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In this episode, Joel and Antonia continue to dive into deep personality type content around the cognitive function polarities, what they are, why they are important, and how they influence your personality. On the last episode they talked about the perceiving polarities. In this “part two” episode Joel & Antonia discuss the Judging Polarities.

In this podcast you’ll find:

In this episode Joel and Antonia continue to dive into deep personality type content around the cognitive function polarities, what they are, why they are important, and how they influence your personality. On the last episode they talked about the perceiving polarities. In this "part two" episode Joel & Antonia discuss the Judging Polarities. #MBTI #myersbriggs #polarities

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  • Kristin
    • Kristin
    • February 26, 2020 at 8:08 am

    In the interest of clean data, I’d like to point out that what numbers we have (assuming, as Antonia pointed out, that people are reporting their type correctly) actually indicate that Te-Fi is slightly more common than Fe-Ti. I believe the data most people in the type community use come from the edition of the MBTI manual published between 1972-2002, in which case, adding up the percentages of the individual types gives ~54% for Te-Fi versus ~46% for Fe-Ti. According the 4th ed. MBTI manual published in 2019, the gap has widened a bit in recent years to ~56% for Te-Fi and ~43% for Fe-Ti. (The gap between the perceiving polarities has narrowed slightly, but the percentages are still over 60% for Si-Ne and under 40% for Ni-Se.)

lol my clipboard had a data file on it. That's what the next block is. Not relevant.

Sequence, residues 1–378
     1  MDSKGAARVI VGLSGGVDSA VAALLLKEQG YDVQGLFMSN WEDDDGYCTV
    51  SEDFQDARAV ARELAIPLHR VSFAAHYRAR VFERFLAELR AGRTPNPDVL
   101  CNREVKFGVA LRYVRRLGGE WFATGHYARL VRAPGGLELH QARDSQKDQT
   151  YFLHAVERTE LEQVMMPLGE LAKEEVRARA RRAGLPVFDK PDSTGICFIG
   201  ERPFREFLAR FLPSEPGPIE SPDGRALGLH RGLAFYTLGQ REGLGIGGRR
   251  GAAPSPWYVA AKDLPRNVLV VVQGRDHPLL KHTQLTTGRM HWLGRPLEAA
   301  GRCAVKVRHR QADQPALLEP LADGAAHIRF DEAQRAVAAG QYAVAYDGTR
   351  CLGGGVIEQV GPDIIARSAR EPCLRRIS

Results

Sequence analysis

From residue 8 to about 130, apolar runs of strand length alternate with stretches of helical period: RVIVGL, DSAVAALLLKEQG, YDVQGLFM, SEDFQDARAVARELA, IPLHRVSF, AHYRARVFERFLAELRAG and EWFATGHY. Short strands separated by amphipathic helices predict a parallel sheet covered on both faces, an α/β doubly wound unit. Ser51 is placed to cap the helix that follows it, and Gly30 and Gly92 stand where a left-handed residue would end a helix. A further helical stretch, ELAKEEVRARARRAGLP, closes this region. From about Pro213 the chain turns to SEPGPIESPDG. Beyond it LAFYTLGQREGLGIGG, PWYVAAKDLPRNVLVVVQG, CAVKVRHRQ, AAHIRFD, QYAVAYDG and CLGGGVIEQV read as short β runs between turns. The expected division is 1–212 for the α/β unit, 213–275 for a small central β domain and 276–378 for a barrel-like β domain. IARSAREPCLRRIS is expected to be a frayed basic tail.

What I found really interesting were the unexpected big changes in the percentages of the sixteen types between ‘02 and ’19. SFJs apparently no longer claim the biggest share of the population (and this is a global sample, FYI)—ISFJ dropped from the #1 spot to #4, and ESFJ dropped from #2 to #10! Their former spots are now occupied by ISTJ at #1 and ISTP at #2. Perhaps the women who came of age after the millennium didn’t favor Fe as heavily as the previous generation?

    And as an INFJ who got sick of that rare-and-special-overromanticized-unicorn rep very quickly, I’m excited that my type is now only the third rarest—now ENTJs get to be the unicorns! (Though I somehow doubt that anyone will be brave enough to call an ENTJ a unicorn to their face :P.) If anyone else is interested in the new numbers, I first heard about them on the Psychology Junkie site:

  • Michael (A.A)
    • Michael (A.A)